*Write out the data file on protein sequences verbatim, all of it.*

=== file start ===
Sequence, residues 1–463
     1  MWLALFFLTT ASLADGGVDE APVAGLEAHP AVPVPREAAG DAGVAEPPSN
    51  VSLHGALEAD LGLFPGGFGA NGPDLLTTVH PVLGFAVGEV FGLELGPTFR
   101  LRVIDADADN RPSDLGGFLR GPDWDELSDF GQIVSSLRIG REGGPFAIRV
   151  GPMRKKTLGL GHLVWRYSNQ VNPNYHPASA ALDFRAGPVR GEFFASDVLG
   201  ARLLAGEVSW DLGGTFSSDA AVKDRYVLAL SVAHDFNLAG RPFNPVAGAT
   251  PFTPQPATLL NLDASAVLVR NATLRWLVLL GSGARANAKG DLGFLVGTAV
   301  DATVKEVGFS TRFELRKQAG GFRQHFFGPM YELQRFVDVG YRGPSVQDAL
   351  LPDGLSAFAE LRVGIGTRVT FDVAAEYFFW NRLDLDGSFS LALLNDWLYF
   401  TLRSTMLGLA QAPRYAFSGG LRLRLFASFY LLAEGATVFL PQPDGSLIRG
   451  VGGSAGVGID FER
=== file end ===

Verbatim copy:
Sequence, residues 1–463
     1  MWLALFFLTT ASLADGGVDE APVAGLEAHP AVPVPREAAG DAGVAEPPSN
    51  VSLHGALEAD LGLFPGGFGA NGPDLLTTVH PVLGFAVGEV FGLELGPTFR
   101  LRVIDADADN RPSDLGGFLR GPDWDELSDF GQIVSSLRIG REGGPFAIRV
   151  GPMRKKTLGL GHLVWRYSNQ VNPNYHPASA ALDFRAGPVR GEFFASDVLG
   201  ARLLAGEVSW DLGGTFSSDA AVKDRYVLAL SVAHDFNLAG RPFNPVAGAT
   251  PFTPQPATLL NLDASAVLVR NATLRWLVLL GSGARANAKG DLGFLVGTAV
   301  DATVKEVGFS TRFELRKQAG GFRQHFFGPM YELQRFVDVG YRGPSVQDAL
   351  LPDGLSAFAE LRVGIGTRVT FDVAAEYFFW NRLDLDGSFS LALLNDWLYF
   401  TLRSTMLGLA QAPRYAFSGG LRLRLFASFY LLAEGATVFL PQPDGSLIRG
   451  VGGSAGVGID FER